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GIA Career Fair Worth the trip?


Has anyone ever been to the GIA Career Fair (Carlsbad or NYC), and
did you consider it something that would be worthwhile for a current
student? I caught it on their website I’m hoping that going would
help me get a better perspective on what kind of training I ought to
have, what sorts of things I should be focusing on, and more to the
point, whether the education I’m getting right now is going to mean a
hill of beans when I get back to the States - let me emphasize this:
get back to the States!

My path towards a jewelry career (which is still underway but at
least at full steam now) was really casual while I was still in the
US. I’d make a lot of beaded jewelry with mom, I took a class in PMC
once, but never really thought of it professionally until at about 25
I went to work at a store that sold artesanal jewelry and crafts, and
met several people who - what a shock! - made a living doing their
crafts! Unfortunately I was only there for a few months before my
husband got his first posting in the Foreign Service, in Sri Lanka.
We spent two years there, and I made myself a permanent fixture in
one of the shops, got to learn a bit about etc. I started
really thinking that jewelry might be a good thing since I could take
it with me in our ever-relocating diplomat lifestyle. So before we
left I did was any crazy person would do: I bought a HEFTY$$$ amount
of gems in multiples of each stone so I could make repeats of any
design I did. Ah, debt and investment as motivation… :stuck_out_tongue_winking_eye:

I took another course while back in the US for 4 months, then
started looking for opportunities here at our current post, in Peru.
Fortunately Peru has a rich culture of jewelry. I found a training
institute which results in an accreditation from the Peruvian
Ministry of Education, and got a fellowship which covers most of the
costs of the full round of every course they offer. The two courses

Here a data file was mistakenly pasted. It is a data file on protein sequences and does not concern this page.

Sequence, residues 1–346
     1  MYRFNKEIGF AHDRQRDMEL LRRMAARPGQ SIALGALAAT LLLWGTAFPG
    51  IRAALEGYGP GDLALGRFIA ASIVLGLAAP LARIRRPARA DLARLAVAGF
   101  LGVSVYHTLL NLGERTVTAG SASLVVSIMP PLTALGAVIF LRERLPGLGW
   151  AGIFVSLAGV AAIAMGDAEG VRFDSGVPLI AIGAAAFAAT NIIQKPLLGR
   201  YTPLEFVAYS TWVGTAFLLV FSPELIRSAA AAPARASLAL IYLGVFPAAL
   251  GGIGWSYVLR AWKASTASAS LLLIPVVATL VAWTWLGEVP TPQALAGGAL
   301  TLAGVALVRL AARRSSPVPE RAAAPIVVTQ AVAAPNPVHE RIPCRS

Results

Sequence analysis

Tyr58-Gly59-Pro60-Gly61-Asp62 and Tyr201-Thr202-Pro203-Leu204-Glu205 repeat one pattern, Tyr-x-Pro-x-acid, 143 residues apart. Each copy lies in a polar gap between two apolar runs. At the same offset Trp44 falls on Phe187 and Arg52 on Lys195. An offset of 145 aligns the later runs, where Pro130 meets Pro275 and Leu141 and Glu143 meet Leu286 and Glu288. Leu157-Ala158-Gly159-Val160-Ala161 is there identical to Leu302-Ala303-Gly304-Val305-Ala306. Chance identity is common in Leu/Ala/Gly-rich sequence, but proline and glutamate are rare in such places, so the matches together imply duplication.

basically translate to Jewelry Assistant (5 months) and Jewelry
Manufacture (9 more months) at about 12 hours a week, plus any extra
specialization courses (i.e. 4 months in stone setting) that I can
get my hands on. Mind you, I’m doing this all in Spanish, and I’m
conversational but not fluent so thank god a lot of the tool names
and tech terms for jewelry are such that even the local students need
an explanation in more basic terms! On top of all of that, this place
can be a little low tech - no fancy compression for us, our torches
have foot pumps, folks!

Anywho, this brings me back to my question about the Career Fair.
The education I’m getting, while no doubt valuable - I have no idea
if it’s on par with an american school that might have fancier
equipment (though honestly I think most of our equipment is the
same). Though who knows, maybe better in some ways that I’m learning
things old school. Okay, OLD old school. But I have NO idea what my
skills and accreditation from Peru will mean to someone in the
industry in the US, and I want to know where I’ll stand and how I
should proceed once I get back to the US next year. So, is it worth
my time and money to go? Just in general is it a good experience - I
figure some advice and perspective from an American audience would be
good to let me plan what to do (or what I can do!) when I come back
to the US.

But also If anyone has any advice regarding my wacky educational
situation, I would really appreciate it!

Thanks so much!
Liz Sugermeyer


Dear Liz,

I have attended a couple GIA Career Fairs for different reasons at
different times in my career. They are very helpful to make contacts
with people from around the world who are in the jewelry industry,
which sounds like something that would be good for you.

The Career Fairs are also very helpful to get a big picture view of
what is being sought in employees within the jewelry industry. Don’t
let the overwhelming bias towards graduate gemologists throw you for
a loop. (bad pun intended) The GIA is a gemology training facility
that is their focus but metalsmithing and jewelry making are still
primary means through which gemstones are attached to the body, so
your skills will be appreciated. It sounds like you are getting some
wonderful life experience as well as jewelry training,

good luck.

Nanz Aalund
Associate Editor / Art Jewelry magazine
21027 Crossroads Circle / Waukesha WI 53187-1612
262.796.8776 ext.228


Hi Liz,

I received my first introduction to jewelry in Mexico at about the
age of 16. I too used torches with foot pumps! and Gasoline as our
fuel!! So I can relate to the old school ways of soldering ( my
uncles were still using the mouth blow pipe for their soldering!! ) I
think that any type of education or research you can do, can only
better you. I now work for the jewelry institute that I graduated
from and I learned techniques here that my brother in Mexico only
wished he had. It made me aware of the industry as a whole and has
allowed me different venues and paths for me to walk in my journey as
a jeweler. If you are making your way to California and to the US
next year, feel free to stop by and visit us in Sacramento. I would
love to answer any questions you might have. Feel free to contact me.

Gabriel Manzo
California Institute of Jewelry Training